It Book Summary - It Book explained in key points

It summary

Brief summary

It by Stephen King is a chilling horror novel that follows seven adults who return to their hometown to confront a shape-shifting entity that preys on children. The story is a gripping exploration of fear, friendship, and the power of imagination.

Give Feedback
Table of Contents

    It
    Summary of key ideas

    Confronting Childhood Fears

    In It by Stephen King, we are introduced to the small town of Derry, Maine, where a group of children, known as the Losers' Club, are terrorized by a malevolent entity that takes the form of a clown named Pennywise. The story begins in 1957 when a young boy named Georgie Denbrough is killed by Pennywise, setting off a series of events that will haunt the town for decades.

    The Losers' Club, consisting of Bill, Ben, Beverly, Eddie, Mike, Richie, and Stan, come together to confront their fears and battle the evil force that has been preying on the town's children for centuries. They soon realize that Pennywise is not just a clown, but a shape-shifting monster that feeds on the fear of its victims, taking the form of their worst nightmares.

    Childhood and Adulthood

    The narrative of It alternates between two time periods, following the Losers' Club as children in the late 1950s and then as adults in the mid-1980s. As children, they manage to wound Pennywise and believe they have defeated it. However, they make a blood oath to return to Derry if the creature ever resurfaces.

    Fast forward to 27 years later, the Losers' Club, now grown up and leading separate lives, are forced to honor their promise when the killings in Derry resume. They return to their hometown, struggling to remember their past and the horrors they faced as children. As they reunite, their memories resurface, and they realize that Pennywise has returned, stronger and more determined than ever.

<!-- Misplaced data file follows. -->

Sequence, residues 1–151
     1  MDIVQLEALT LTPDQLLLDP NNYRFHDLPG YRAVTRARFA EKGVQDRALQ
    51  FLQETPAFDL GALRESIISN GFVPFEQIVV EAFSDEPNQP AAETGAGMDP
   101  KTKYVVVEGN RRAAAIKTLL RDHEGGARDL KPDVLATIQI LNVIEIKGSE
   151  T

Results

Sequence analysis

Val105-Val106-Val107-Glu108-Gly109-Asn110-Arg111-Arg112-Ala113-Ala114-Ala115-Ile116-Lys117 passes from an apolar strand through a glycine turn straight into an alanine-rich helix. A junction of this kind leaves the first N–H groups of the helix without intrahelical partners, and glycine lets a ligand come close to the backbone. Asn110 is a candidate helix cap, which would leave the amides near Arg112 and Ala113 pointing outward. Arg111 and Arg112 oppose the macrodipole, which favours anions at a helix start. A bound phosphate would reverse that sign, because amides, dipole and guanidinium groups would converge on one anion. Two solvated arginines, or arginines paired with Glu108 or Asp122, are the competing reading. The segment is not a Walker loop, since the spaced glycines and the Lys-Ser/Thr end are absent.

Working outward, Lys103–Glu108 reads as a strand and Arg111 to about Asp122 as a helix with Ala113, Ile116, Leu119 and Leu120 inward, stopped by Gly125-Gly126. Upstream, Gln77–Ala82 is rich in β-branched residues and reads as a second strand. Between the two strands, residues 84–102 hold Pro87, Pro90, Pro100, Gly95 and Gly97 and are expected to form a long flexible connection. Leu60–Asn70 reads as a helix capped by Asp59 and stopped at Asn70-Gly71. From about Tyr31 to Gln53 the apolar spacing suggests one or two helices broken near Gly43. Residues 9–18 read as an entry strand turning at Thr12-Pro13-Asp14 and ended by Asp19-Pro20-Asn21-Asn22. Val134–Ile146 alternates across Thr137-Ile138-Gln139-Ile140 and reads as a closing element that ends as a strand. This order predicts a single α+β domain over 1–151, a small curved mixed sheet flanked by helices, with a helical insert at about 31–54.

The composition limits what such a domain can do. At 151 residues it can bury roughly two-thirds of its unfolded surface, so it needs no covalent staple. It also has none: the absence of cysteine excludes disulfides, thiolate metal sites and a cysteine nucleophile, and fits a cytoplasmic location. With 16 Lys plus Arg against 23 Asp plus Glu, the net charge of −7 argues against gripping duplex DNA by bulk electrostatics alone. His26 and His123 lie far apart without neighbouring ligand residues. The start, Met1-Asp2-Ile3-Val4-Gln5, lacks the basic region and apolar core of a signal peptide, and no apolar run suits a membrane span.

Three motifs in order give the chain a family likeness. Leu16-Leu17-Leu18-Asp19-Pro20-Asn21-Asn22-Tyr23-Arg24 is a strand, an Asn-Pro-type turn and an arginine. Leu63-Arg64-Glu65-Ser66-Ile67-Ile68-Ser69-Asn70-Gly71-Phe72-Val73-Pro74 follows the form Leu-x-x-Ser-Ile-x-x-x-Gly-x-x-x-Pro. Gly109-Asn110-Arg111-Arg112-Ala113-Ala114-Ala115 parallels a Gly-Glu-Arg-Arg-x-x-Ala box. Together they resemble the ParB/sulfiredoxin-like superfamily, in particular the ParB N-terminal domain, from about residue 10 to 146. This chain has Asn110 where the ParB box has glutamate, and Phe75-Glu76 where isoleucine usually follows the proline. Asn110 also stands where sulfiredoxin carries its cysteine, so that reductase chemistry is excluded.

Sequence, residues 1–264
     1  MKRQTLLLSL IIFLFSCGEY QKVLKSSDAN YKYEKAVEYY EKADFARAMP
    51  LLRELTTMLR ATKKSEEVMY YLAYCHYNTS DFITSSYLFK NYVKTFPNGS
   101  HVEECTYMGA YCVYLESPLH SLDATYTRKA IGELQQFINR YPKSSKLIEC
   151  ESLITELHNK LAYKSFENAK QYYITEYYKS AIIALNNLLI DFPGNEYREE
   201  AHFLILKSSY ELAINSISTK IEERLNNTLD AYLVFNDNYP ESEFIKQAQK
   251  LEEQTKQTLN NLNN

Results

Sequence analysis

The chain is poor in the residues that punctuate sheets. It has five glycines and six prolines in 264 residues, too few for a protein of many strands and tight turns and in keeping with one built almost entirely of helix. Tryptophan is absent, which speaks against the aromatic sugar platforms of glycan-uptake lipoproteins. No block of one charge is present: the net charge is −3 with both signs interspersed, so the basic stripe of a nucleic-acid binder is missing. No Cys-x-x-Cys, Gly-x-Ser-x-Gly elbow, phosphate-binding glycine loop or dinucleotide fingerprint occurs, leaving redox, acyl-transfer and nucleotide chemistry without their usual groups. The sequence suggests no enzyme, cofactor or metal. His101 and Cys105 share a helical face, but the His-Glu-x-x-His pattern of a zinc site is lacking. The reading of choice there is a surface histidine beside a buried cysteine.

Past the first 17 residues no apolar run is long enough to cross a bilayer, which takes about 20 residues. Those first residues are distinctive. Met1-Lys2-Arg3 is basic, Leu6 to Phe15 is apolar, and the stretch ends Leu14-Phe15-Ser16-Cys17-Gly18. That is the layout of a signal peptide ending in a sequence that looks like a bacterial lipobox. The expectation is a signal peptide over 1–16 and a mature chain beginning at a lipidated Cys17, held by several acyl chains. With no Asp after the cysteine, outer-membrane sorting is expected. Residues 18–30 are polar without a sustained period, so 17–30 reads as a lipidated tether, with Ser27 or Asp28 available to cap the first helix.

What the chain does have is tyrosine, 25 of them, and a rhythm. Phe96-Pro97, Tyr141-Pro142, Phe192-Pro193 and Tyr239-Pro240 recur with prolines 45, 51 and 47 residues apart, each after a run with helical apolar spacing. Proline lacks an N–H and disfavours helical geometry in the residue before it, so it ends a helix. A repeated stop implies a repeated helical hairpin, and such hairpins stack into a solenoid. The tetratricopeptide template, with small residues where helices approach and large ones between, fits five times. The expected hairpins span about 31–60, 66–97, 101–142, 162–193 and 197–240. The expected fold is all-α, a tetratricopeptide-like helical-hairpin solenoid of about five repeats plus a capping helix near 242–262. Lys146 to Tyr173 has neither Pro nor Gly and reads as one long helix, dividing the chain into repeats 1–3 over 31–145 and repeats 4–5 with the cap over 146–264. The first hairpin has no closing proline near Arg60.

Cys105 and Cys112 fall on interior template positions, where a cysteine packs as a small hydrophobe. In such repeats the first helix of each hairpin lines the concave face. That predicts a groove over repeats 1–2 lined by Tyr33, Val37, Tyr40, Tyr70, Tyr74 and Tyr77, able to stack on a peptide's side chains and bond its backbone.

Confronting the Monster

    As adults, the Losers' Club must confront not only the physical manifestation of Pennywise but also their own personal demons and fears. They come to understand that defeating the monster requires them to believe in the power of their unity and friendship, just as they did as children. They also learn that Pennywise's true power lies in the fear it instills, and by standing together, they can weaken its hold on them.

    Throughout their battle with Pennywise, the Losers' Club also grapple with the idea of memory and its role in shaping their reality. They realize that the adults in Derry have chosen to forget the town's dark history, allowing Pennywise to thrive. The Losers' Club, however, refuse to forget, understanding that acknowledging and confronting their fears is the only way to defeat them.

    The Power of Friendship and Unity

    In the climactic showdown, the Losers' Club faces Pennywise in its true form, a giant spider-like creature. They use their combined strength and belief in each other to weaken the monster, ultimately defeating it. The battle is not without its losses, but the group emerges victorious, having conquered their fears and the evil that has plagued their town for so long.

    In conclusion, It is not just a horror story about a shape-shifting monster, but a tale of friendship, resilience, and the power of unity. It explores the idea that confronting our fears, both personal and collective, is the only way to overcome them. The Losers' Club's journey is a testament to the strength found in togetherness and the importance of remembering our past, no matter how terrifying, in order to shape our future.

    Give Feedback
    How do we create content on this page?
    More knowledge in less time
    Read or listen
    Read or listen
    Get the key ideas from nonfiction bestsellers in minutes, not hours.
    Find your next read
    Find your next read
    Get book lists curated by experts and personalized recommendations.
    Shortcasts
    Shortcasts New
    We’ve teamed up with podcast creators to bring you key insights from podcasts.

    What is It about?